According to a report by CNN Portugal, people should not be alarmed.

Luis Matias, professor of Geophysics at the University of Sciences and researcher at the Geophysics Center of the University of Lisbon, told CNN Portugal that there is no scientific evidence that suggests a direct relationship between successive earthquakes. Furthermore, they are relatively small earthquakes and “small earthquakes can occur anywhere”.

“The Earth's lithosphere is subject to constant forces and, at points that we cannot predict, the accumulated tension can lead to small earthquakes,” he explains.

“It is important to understand the difference between small earthquakes, such as those recorded in the Algarve, and large earthquakes, which can represent a significant threat”, continues Luis Matias. “Large earthquakes, normally associated with major tectonic faults, are the ones that deserve our special attention.” These faults, such as the famous San Andreas Fault in California (USA), are “places where tectonic plates are under great tension” and eventually generate an earthquake of great magnitude.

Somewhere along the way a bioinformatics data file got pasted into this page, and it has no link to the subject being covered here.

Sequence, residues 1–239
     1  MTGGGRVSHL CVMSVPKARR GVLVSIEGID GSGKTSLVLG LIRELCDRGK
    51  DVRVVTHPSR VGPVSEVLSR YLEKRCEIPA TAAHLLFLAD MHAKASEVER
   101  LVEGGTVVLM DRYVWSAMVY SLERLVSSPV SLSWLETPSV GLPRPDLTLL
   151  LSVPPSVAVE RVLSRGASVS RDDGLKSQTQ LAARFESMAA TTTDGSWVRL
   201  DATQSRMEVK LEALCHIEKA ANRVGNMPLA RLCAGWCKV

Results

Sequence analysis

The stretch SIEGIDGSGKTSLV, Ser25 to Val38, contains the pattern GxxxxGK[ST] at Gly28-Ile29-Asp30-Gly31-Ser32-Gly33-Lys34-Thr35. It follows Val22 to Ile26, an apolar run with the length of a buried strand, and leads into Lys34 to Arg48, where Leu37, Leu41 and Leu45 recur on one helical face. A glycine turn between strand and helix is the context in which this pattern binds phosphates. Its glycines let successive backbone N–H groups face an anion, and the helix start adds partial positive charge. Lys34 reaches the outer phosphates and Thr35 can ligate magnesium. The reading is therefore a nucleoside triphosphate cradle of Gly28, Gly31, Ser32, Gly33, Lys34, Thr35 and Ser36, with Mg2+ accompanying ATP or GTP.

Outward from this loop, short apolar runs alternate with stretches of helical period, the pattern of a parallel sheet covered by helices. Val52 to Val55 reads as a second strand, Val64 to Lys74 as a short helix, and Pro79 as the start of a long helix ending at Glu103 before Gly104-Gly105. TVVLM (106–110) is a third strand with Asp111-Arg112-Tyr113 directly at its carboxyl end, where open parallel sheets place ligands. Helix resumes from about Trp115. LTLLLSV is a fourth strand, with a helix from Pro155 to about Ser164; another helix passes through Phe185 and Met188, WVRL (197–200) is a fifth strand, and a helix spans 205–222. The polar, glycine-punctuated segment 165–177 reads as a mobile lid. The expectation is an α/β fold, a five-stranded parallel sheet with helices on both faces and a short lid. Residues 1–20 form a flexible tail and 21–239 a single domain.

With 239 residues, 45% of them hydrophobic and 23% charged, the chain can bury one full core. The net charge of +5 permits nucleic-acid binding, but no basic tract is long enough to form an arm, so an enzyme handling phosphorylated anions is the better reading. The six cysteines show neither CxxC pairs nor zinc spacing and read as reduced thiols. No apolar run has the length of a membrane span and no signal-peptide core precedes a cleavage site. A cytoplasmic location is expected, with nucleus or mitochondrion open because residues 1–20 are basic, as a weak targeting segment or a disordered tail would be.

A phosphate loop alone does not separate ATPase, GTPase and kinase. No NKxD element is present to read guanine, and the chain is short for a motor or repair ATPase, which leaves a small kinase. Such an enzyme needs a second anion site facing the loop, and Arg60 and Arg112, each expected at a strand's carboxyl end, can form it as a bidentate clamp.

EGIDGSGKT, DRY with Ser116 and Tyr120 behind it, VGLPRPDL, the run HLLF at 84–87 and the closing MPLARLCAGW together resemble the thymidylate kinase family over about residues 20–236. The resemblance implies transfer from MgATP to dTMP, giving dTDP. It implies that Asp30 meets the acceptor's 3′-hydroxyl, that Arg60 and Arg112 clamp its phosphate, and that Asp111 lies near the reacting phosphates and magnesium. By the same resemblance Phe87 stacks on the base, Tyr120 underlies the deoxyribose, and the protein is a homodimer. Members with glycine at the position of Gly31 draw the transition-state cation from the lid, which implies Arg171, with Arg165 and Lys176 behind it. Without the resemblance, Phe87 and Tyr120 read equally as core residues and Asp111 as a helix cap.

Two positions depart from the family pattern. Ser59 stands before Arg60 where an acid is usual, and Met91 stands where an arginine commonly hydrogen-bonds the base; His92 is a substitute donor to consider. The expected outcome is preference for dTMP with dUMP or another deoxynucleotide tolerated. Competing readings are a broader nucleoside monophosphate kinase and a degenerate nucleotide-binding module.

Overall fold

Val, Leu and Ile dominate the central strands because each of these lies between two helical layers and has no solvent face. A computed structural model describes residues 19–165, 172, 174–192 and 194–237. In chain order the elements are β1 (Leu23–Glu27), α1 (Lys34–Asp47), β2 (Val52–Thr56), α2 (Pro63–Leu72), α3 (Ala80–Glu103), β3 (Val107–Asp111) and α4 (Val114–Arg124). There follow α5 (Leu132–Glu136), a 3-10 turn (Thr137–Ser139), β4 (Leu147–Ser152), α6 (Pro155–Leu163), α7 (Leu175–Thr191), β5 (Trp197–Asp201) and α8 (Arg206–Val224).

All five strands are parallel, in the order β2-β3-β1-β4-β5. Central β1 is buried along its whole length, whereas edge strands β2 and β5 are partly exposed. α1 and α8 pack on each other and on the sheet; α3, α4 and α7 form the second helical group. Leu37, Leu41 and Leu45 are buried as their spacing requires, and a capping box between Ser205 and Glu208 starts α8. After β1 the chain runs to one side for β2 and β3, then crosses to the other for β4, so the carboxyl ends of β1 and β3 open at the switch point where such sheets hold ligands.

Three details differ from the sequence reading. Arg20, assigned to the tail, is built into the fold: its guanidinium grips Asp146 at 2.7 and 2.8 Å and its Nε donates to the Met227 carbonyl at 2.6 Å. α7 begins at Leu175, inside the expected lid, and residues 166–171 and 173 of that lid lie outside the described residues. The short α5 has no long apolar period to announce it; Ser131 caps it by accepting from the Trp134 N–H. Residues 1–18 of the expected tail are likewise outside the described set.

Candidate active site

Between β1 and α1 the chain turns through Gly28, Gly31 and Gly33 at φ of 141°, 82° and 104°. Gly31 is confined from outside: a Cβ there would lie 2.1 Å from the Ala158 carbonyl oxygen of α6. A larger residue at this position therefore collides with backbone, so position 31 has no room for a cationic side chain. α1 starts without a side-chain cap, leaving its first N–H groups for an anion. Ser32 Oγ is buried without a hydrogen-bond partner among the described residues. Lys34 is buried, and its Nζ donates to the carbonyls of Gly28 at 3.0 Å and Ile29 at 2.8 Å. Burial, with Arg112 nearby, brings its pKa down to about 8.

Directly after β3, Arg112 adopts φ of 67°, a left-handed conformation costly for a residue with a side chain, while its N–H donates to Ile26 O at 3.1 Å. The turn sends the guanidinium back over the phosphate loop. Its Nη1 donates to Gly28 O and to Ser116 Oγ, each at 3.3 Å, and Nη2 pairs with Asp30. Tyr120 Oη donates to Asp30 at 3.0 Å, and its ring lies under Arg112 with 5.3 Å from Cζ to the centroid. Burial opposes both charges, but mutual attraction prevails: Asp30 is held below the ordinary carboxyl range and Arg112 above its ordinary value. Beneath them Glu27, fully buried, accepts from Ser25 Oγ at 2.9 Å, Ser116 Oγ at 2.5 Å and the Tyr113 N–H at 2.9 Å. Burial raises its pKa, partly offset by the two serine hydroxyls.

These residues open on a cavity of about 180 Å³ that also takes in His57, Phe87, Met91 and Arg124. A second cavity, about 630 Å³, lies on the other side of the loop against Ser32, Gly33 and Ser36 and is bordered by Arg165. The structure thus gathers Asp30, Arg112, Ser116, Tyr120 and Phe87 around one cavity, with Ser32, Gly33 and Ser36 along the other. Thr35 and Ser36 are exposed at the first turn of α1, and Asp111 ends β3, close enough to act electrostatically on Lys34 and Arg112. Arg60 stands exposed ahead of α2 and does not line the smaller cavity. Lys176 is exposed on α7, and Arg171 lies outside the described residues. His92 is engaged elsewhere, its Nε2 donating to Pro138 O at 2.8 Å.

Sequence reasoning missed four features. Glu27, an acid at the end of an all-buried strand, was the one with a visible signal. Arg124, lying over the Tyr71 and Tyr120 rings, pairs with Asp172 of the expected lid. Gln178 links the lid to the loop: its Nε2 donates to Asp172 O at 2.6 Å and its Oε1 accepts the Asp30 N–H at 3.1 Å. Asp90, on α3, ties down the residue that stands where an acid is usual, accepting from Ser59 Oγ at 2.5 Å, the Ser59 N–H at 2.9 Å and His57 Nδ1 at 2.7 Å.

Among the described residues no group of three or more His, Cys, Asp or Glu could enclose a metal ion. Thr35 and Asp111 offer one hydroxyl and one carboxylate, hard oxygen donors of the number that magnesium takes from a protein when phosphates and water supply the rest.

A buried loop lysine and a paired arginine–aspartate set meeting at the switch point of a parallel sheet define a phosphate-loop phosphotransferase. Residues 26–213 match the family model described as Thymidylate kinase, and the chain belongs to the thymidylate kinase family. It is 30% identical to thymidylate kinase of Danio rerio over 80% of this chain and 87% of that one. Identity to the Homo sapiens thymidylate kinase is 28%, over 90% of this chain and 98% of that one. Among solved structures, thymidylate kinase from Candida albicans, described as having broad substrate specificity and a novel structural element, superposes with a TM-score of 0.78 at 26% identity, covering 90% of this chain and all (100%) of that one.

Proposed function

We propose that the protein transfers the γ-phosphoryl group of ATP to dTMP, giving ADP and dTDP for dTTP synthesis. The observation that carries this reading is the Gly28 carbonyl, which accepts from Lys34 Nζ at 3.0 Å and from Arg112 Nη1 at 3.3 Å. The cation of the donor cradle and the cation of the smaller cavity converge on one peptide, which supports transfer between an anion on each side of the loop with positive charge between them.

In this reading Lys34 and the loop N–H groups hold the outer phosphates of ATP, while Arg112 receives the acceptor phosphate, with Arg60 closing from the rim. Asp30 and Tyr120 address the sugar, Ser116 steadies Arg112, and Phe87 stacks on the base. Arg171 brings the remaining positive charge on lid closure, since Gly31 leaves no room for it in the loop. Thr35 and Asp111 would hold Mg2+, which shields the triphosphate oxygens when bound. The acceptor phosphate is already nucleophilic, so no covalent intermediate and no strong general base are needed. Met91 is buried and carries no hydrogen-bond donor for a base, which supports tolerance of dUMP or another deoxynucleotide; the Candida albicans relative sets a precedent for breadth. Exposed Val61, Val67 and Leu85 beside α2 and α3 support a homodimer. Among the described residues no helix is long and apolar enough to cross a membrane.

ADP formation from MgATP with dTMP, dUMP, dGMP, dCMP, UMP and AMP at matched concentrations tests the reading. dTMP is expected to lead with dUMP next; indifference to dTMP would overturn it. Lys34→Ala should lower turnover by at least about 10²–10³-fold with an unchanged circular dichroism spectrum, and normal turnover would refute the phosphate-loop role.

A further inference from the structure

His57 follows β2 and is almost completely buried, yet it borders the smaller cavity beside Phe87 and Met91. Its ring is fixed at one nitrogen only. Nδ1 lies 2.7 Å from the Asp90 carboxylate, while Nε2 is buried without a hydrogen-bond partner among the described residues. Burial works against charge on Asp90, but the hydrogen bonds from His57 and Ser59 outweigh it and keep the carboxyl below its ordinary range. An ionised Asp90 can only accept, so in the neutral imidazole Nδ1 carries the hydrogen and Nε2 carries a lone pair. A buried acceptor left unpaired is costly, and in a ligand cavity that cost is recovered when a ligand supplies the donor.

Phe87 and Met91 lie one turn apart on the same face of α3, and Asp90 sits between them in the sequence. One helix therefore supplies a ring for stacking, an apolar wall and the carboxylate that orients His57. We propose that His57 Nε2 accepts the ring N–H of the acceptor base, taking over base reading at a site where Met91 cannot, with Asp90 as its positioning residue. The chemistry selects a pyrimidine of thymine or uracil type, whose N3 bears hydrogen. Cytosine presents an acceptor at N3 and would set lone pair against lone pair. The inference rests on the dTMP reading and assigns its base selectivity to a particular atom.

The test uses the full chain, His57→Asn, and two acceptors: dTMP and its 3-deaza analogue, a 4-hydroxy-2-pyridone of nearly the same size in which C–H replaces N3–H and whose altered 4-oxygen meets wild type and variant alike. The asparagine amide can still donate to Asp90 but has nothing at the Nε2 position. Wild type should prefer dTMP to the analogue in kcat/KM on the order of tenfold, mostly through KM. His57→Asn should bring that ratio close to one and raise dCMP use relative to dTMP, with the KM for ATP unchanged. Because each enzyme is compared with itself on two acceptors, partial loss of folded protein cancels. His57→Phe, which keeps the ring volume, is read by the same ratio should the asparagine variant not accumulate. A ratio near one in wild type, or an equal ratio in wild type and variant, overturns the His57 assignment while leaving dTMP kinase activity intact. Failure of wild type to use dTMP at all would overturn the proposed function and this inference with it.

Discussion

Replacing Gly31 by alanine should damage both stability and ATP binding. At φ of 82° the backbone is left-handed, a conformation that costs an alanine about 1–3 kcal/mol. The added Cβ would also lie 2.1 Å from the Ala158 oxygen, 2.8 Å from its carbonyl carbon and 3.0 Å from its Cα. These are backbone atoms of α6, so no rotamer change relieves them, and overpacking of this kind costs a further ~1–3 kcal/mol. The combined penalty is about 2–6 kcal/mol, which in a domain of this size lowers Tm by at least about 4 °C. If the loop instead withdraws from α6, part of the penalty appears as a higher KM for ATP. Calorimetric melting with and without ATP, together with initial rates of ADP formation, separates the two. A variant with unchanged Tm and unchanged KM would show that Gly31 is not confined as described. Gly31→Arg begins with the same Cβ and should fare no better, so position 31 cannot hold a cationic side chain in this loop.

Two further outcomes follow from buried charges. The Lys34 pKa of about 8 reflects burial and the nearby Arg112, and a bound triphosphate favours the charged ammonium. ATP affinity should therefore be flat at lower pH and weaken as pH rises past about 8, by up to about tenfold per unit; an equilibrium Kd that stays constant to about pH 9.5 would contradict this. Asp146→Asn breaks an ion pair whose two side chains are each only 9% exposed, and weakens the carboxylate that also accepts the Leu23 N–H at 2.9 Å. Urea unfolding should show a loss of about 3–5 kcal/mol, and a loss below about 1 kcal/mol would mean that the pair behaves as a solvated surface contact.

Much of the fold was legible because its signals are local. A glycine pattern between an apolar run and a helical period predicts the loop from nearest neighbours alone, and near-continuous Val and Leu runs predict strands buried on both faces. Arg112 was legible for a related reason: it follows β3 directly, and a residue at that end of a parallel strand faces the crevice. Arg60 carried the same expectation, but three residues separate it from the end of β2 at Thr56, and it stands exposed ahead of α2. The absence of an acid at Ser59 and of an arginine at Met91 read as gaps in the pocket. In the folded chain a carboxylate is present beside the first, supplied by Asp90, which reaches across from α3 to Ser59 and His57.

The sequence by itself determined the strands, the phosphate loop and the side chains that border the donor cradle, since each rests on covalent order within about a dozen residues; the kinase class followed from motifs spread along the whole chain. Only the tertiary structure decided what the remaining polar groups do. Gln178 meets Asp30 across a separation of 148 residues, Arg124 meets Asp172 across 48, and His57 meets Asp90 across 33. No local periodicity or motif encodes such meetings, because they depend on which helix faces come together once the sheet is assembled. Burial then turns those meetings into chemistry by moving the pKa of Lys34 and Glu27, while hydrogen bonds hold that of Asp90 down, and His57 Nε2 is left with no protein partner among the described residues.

On the other hand, “small earthquakes, such as those of magnitude 3 or 3.7, are much more common and can occur anywhere. Normally they go unnoticed by most people, but when felt they can provoke some reaction from the population.”

Luis Matias describes a "useful analogy" to understand smaller earthquakes: “It is to imagine the Earth's lithosphere as a pile of sand. Now, when grains of sand are dropped one by one into the pile, eventually one grain can trigger an avalanche. This avalanche can be small or large, depending on the size of the pile of sand and the energy released.” Likewise, “smaller earthquakes are like individual grains of sand, which occasionally fall and cause small tremors, while larger earthquakes are avalanches that occur along large tectonic faults”.

Therefore: “Small earthquakes are relatively common and are not necessarily indicative of an imminent threat.”

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